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VBCC - December 2011, Volume 2, No 7 - CTRC-AACR SABCS Annual Meeting
Caroline Helwick

San Antonio, TX—Updated results from the phase 3 Breast Cancer Trials of Oral Everolinmus (BOLERO-2) showed that adding everolimus to the treatment regimen with the aromatase inhibitor exemestane more than doubles the time to disease progression in patients with advanced estrogen receptor (ER)-positive breast cancer whose disease has become refractory to hormonal therapy.

“The addition of everolimus in advanced breast cancer could represent a paradigm shift in the management of this patient population,” said lead investigator Gabriel Hortobagyi, MD, Chair of Breast Medical Oncology, the University of Texas, M.D. Anderson Cancer Center, Houston, at the 2011 CTRC-AACR San Antonio Breast Cancer Symposium.

Nearly all ER-positive patients with advanced cancer will develop resistance to hormonal therapies. Resistance to hormonal therapy in breast cancer has been associated with over-activation of the mTOR pathway. Everolimus targets the mTOR pathway, interfering with tumor cell proliferation, angiogenesis, and cell metabolism.

“Everolimus is the first treatment to significantly enhance the efficacy of hormonal therapy in this patient population, where this remains a significant unmet need,” Dr Hortobagyi noted.

BOLERO Details
The new findings represent an additional 5 months of follow-up from the data first presented at the European Multidisciplinary Cancer Congress in September 2011, which garnered much attention.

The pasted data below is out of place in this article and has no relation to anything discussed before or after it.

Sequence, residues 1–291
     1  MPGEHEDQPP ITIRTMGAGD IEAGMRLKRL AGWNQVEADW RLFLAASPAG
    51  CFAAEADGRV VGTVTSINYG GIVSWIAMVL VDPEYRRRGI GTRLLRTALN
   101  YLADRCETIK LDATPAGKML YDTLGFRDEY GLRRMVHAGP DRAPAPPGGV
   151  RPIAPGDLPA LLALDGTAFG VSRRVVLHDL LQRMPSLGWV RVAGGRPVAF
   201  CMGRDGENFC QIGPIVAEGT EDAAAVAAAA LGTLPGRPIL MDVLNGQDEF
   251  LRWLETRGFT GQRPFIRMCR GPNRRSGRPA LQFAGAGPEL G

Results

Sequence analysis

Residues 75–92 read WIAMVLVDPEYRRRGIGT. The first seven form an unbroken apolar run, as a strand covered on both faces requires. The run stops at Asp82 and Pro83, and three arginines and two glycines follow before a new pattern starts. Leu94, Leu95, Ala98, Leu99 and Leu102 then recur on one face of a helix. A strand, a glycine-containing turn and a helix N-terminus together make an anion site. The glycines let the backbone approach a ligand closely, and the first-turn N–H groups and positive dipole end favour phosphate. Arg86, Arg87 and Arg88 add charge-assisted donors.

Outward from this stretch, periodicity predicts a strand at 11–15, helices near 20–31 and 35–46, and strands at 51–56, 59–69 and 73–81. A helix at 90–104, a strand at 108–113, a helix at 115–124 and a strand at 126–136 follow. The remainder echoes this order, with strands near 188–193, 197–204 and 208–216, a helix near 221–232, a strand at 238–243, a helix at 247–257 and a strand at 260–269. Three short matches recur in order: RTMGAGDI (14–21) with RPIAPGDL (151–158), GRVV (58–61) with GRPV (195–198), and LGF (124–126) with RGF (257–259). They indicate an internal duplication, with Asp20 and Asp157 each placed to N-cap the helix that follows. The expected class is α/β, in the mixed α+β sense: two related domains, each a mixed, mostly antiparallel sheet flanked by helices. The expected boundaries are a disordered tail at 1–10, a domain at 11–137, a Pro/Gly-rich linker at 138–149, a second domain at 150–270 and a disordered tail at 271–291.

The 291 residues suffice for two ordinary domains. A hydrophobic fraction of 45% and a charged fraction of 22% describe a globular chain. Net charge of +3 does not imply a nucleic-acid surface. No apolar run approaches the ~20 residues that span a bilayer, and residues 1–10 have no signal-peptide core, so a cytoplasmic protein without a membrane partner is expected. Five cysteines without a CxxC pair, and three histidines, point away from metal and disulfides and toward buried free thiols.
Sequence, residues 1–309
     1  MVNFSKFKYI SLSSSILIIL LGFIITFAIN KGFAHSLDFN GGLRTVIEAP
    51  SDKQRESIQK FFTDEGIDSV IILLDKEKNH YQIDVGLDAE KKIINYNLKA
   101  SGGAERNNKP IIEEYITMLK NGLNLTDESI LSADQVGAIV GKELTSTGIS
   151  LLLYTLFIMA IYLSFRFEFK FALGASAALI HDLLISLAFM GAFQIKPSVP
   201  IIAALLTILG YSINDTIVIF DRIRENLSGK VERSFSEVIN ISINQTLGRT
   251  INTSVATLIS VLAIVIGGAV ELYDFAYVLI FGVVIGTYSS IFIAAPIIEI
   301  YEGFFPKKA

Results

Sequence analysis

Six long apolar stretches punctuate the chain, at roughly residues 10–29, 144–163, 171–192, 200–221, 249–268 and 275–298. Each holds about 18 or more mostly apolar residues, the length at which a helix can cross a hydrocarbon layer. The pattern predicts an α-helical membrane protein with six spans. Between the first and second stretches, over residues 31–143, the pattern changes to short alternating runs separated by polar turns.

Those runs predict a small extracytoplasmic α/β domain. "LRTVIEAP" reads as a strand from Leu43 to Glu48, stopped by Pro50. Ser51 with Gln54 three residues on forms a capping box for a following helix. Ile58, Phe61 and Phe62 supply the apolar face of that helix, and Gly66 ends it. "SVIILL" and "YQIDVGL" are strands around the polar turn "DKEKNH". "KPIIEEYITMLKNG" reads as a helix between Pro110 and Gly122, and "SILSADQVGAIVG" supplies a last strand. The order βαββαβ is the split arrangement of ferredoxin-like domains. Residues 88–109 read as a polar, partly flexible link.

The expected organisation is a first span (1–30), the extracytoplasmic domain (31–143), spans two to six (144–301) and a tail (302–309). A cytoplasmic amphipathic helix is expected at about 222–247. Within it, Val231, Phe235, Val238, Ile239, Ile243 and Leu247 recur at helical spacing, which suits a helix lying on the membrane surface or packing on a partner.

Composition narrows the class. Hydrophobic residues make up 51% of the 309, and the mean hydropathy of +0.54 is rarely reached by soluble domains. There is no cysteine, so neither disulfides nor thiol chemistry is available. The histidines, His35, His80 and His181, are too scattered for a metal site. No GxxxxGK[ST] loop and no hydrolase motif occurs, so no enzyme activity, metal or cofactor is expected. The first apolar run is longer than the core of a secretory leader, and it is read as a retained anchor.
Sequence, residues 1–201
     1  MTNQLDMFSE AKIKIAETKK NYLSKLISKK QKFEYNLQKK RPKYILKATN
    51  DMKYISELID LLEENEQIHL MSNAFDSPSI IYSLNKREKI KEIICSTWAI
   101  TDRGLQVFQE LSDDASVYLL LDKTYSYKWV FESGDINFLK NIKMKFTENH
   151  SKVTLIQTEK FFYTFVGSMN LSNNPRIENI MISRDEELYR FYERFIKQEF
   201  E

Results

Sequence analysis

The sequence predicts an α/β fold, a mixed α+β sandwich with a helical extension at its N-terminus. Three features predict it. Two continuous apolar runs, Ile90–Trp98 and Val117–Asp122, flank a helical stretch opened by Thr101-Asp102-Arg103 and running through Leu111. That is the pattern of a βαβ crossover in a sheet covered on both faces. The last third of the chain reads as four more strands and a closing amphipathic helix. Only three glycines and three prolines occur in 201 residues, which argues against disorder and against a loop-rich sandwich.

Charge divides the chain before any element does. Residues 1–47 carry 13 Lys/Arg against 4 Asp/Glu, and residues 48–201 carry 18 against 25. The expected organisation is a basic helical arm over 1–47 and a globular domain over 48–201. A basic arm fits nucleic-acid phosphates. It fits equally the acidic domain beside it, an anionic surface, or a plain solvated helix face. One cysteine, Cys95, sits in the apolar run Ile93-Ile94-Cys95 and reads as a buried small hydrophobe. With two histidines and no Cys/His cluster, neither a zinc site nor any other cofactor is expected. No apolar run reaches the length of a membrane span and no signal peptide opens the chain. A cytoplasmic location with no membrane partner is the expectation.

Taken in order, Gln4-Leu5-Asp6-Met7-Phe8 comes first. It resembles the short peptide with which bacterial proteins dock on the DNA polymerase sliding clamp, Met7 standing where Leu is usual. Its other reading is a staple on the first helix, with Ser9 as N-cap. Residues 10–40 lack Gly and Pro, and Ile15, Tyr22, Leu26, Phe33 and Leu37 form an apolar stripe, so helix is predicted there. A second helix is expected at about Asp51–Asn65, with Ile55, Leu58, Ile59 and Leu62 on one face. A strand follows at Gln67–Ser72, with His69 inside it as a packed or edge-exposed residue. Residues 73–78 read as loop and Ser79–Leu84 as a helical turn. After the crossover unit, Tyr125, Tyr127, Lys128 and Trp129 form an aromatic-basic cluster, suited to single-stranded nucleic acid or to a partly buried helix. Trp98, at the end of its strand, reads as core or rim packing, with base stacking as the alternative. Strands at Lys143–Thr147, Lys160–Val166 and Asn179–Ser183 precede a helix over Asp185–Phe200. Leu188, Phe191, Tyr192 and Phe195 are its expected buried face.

The updated analysis presented in San Antonio showed that treatment with everolimus plus hormonal therapy more than doubled progressionfree survival (PFS), from 3.2 months with exemestane alone to 7.4 months, representing a highly significant 56% reduction (P <1 × 10-16)in the risk of progression. “While this analysis was done with local tumor assessment, another assessment by central independent review found even greater benefit, with PFS of 11.0 months versus 4.1 months, a 64% risk reduction (P <1 × 10-16),” Dr Hortobagyi reported.

In remarking on the robustness of the findings at a media briefing, Dr Hortobagyi noted that the prolongation of progression far exceeded the investigators’ expectations.

“The study demonstrated not the 26% reduction in progression, as we had expected, but a 56% reduction in progression events, with a P value for which I don’t have enough fingers to count.” Disease-free survival rates at 1 year were 31% in the combination arm versus 10% in the exemestane-alone arm.

Side effects were consistent with those previously reported with everolimus. Themost common grade 3 or grade 4 adverse events were stomatitis, anemia, hyperglycemia, dyspnea, fatigue, and pneumonitis, all occurring in <10% of patients receiving the combination. The addition of everolimus did not impact the quality of life, according to the patients’ Global Health Scores.

As of December 2011, deaths had occurred in 29.3% of the placebo arm and 23.1% of the everolimus arm. The manufacturer is planning a regulatory submission for everolimus based on the BOLERO-2 results.

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